Chymotryptic digestion of Hip and Hop proceeded at 30°C for 15 or 60 minutes, respectively. Protein fragments were then separated by SDS-PAGE and transferred to ProBlott PVDF membrane (BioRad). Thin sample strips were cut from the lanes and immunoblotted to detect C-terminal fragments. The remainder of the membrane was Coomassie stained to detect all protein fragments. The membrane strips were aligned, and the appropriate band plus an adjacent blank membrane region were excised from the Coomassie-stained membrane. The membrane pieces were submitted to the Mayo Protein Core Facility for automated sequencing using a PE Applied Biosystems Procise cLC 492 Capillary Protein Sequencer.
Radiolabeled Hip and Hop forms were generated by in vitro expression (TNT Kit, Promega Corp, Madison, WI, USA) in the presence of [35S]-methionine using pSPUTK plasmids as templates. A 1-μL aliquot of each synthesis reaction was separated by SDS-PAGE and was observed by autoradiography; the labeled product was quantitated by densitometry (Flour-S MultiImager, BioRad). Molar equivalents of each radiolabeled product were added to 200 μL of rabbit reticulocyte lysate ([RL] Green Hectares, Oregon, WI, USA) for immunoprecipitation and receptor assembly trials.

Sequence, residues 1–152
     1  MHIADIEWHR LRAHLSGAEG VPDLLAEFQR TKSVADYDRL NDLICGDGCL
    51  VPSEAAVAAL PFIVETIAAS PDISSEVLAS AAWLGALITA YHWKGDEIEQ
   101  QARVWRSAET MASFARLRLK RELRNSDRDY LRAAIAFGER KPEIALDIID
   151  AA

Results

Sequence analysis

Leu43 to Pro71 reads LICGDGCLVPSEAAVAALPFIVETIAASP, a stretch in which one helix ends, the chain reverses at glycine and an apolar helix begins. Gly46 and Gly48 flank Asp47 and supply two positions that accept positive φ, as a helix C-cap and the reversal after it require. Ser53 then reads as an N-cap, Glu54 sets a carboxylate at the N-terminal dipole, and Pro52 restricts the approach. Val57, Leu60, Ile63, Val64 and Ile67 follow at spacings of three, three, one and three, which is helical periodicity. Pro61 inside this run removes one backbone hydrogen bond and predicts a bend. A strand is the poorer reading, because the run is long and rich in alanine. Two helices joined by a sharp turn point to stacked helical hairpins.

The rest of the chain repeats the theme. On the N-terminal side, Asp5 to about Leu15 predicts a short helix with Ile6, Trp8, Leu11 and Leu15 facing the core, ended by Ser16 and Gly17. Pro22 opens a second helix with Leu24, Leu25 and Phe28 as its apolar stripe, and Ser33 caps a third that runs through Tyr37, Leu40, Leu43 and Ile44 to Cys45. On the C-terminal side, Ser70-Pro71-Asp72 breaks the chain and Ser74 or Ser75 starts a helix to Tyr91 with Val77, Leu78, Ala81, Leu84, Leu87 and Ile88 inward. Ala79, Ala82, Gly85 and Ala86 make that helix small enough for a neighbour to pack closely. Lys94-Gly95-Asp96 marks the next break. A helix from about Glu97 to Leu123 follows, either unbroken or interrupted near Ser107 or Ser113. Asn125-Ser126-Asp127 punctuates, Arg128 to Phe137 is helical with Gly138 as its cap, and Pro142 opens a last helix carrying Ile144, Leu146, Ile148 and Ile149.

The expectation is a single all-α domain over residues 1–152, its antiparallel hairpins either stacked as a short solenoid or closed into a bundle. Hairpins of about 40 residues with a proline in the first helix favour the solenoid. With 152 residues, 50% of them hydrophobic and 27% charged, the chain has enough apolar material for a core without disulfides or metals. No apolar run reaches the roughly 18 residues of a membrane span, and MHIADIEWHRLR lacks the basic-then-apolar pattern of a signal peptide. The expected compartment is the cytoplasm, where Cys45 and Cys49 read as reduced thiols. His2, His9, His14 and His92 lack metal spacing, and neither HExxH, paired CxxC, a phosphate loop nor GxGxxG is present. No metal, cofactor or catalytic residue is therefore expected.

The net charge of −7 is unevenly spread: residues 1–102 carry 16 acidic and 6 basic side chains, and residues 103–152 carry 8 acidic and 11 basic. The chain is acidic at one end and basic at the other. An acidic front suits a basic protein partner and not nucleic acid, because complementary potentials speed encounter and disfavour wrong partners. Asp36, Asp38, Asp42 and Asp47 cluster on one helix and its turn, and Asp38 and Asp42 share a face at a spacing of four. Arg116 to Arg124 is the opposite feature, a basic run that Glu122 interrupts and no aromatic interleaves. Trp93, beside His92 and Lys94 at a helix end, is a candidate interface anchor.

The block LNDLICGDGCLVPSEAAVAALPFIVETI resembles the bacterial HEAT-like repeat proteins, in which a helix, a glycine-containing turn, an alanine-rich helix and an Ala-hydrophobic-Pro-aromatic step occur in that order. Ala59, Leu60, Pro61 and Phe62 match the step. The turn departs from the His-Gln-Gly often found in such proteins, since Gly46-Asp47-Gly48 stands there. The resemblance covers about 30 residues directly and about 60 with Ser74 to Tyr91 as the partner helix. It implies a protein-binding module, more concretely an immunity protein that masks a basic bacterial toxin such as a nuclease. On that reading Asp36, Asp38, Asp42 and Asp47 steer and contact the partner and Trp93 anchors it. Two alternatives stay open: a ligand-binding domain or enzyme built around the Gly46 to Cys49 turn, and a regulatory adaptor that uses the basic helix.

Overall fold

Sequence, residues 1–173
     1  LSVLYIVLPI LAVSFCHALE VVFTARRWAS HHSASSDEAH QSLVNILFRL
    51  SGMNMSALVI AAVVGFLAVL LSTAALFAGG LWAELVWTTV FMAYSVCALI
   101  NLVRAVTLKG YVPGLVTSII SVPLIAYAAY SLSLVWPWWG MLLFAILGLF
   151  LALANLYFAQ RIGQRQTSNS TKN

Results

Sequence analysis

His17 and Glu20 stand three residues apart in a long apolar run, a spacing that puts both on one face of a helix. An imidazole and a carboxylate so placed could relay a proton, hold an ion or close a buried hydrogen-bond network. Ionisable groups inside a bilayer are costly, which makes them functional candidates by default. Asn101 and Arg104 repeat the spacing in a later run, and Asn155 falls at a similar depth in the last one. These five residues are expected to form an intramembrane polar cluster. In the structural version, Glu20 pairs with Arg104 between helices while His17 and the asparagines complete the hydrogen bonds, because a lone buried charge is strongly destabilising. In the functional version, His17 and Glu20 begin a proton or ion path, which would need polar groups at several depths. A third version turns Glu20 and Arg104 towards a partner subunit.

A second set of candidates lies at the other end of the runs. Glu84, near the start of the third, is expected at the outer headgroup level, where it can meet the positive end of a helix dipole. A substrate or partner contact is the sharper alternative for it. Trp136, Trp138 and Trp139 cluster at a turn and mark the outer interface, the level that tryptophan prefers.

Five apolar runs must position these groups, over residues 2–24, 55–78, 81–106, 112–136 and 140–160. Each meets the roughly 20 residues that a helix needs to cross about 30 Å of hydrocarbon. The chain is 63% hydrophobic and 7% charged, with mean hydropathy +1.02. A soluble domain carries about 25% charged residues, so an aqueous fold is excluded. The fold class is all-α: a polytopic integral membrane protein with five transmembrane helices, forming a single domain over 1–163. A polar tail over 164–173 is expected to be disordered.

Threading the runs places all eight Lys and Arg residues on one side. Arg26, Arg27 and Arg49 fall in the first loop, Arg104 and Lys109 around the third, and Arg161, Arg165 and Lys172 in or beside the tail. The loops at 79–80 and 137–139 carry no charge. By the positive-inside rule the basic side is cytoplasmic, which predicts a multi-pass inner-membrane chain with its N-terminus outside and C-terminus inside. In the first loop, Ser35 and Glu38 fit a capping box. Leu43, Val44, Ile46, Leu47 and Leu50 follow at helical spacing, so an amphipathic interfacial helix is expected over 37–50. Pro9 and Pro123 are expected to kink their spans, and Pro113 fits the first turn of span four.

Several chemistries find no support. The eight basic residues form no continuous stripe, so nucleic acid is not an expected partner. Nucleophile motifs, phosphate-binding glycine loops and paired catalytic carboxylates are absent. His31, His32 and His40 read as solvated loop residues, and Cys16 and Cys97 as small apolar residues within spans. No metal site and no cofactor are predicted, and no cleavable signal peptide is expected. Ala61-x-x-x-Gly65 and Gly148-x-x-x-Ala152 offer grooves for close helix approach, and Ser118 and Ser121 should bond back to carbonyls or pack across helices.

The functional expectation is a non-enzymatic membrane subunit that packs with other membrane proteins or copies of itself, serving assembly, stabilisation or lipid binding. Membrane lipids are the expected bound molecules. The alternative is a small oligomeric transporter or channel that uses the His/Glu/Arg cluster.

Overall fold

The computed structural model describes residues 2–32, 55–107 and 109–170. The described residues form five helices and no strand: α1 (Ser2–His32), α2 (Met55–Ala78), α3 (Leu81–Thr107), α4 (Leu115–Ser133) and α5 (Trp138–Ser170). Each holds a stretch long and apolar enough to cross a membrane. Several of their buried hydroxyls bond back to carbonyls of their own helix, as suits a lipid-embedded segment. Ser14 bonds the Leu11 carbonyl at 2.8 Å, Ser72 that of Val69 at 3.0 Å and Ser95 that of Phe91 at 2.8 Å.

For immunoprecipitations, mouse monoclonal antibodies specific for Hsp70 (BB70) or Hsp90 (H90-10) were preadsorbed to protein G-agarose (Amersham Biosciences, Piscataway, NJ; 1 μg antibody/μL packed resin). For each immunoprecipitation reaction, 200 μL of RL supplemented with 5–10 μL of the radiolabeled synthesis mixture was added to a 10-μL immunoresin pellet. This mixture was incubated at 30°C for 30 minutes with a brief vortex every 5 minutes to resuspend the resin slurry. The resin complexes were washed 4 times in wash buffer and then resuspended in 20 μL of 2× SDS-PAGE sample buffer and separated by SDS-PAGE. The gel was Coomassie stained to visualize the total protein content, then dried, and autoradiographed to observe radiolabeled Hip and Hop forms.
Comparisons of the Hip or Hop forms assembling with PR complexes were done essentially as described previously (Chen and Smith 1998). Briefly, recombinant chick PR A was isolated from Sf9 cell extracts by binding to an immunoaffinity resin, consisting of monoclonal anti-PR antibody PR22 preadsorbed to protein G-agarose. Each assembly reaction contained 10 μL PR resin (representing approximately 1 μg PR), 200 μL RL supplemented with an adenosine triphosphate (ATP)–regenerating system, 5–10 μL of radiolabeled Hip or Hop forms, and geldanamycin (20 μg/mL final concentration) to enhance the recovery of intermediate PR complexes containing Hip and Hop (Smith et al 1995). After a 30-minute incubation at 30°C, the PR resin pellets were washed, and bound proteins were eluted with SDS-PAGE sample buffer.